The depth-specific zinc (Zn) and copper (Cu) maps with high resolution (i.e., ≤10 m) are important for soil and forest management and conservation. The objective of this study was to assess the effects of easily accessible model inputs, i.e., existing coarse-resolution parent material, pH, and soil texture maps with 1:1 800 000–2 800 000 scale and nine digital elevation model (DEM)-generated terrain attributes with 10 m resolution, on modelling Zn and Cu distributions of forest soil over a large area (e.g., thousands of km2). A total of 511 artificial neural network (ANN) models for each depth (20 cm increments to 100 cm) were built and evaluated by a 10-fold cross-validation with 385 soil profiles from the Yunfu forest, South China, about 4915 km2 areas. The results indicated that the optimal models for five depths engaged five to seven DEM-generated attributes together with three coarse-resolution soil attributes as inputs, respectively, and accuracies for estimating Zn and Cu varied with R2 of 0.76–0.85 and relative overall accuracy ±10% of 74%–86%. The produced maps showed that DEM-generated sediment delivery ratio, topographic position index (TPI), and aspect were the most important attributes for predicting Cu, but flow length, TPI, and slope were for Zn, which heavily affected Zn and Cu distributions in detail. Boundaries of three coarse-resolution maps were still visible in the generated maps indicated that the maps affected the distributions of Zn and Cu in large scales. Thus, the modelling method, i.e., developing ANN models with k-fold cross-validation, can be used to map high-resolution Zn and Cu over a large area.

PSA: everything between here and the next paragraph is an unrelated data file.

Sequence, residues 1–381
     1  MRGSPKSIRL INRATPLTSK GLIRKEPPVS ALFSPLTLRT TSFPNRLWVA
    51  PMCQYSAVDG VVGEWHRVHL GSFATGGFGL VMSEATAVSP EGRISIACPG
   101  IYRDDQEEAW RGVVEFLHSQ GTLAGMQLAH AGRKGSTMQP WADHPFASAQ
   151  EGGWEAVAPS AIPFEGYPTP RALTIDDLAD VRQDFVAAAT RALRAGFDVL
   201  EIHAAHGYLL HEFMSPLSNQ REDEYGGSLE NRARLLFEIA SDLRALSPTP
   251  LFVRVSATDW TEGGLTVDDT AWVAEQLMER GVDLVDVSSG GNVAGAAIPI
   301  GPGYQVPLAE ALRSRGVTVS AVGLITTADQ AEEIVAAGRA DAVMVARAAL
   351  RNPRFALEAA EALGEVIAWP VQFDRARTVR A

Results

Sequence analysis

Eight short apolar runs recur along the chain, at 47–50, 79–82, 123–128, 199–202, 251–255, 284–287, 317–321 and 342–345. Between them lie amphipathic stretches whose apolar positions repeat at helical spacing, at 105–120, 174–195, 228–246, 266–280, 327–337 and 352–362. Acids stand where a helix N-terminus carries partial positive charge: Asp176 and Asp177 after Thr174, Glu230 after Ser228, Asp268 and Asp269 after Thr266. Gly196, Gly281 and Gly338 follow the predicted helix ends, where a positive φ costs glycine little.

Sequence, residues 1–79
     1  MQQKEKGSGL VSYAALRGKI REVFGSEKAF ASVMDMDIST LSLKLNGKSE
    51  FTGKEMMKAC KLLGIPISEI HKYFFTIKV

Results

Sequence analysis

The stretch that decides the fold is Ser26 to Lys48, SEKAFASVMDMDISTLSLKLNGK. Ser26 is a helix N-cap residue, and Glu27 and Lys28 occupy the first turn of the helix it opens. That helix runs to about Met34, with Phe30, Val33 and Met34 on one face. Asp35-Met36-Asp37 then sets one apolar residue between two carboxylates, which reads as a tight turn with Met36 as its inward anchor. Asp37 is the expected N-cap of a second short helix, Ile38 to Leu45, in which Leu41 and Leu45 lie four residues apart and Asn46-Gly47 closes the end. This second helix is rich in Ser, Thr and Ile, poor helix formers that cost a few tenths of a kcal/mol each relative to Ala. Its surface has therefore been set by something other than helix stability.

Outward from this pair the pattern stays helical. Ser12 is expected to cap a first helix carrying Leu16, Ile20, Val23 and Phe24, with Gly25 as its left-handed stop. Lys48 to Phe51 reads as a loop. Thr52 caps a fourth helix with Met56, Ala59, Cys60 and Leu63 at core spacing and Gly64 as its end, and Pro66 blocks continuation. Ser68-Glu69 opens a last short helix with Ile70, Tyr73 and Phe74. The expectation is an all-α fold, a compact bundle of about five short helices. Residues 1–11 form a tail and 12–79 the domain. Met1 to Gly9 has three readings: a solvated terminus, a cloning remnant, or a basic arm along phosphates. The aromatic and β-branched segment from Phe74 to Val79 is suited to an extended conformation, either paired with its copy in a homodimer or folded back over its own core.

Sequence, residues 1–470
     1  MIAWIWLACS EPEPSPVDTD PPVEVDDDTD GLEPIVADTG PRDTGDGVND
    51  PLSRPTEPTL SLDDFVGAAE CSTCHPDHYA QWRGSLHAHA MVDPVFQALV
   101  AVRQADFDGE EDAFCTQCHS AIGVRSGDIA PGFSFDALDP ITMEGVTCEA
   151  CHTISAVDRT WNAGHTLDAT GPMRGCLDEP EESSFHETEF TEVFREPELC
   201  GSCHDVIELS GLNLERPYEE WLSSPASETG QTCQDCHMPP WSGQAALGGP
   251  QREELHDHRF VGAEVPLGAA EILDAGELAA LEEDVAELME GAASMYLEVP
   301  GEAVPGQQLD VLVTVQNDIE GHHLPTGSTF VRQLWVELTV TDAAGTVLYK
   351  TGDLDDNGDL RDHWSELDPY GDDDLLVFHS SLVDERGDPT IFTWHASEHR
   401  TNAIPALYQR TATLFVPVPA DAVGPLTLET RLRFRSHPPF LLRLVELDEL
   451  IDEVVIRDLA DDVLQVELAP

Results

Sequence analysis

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Vol. 101 • No. 2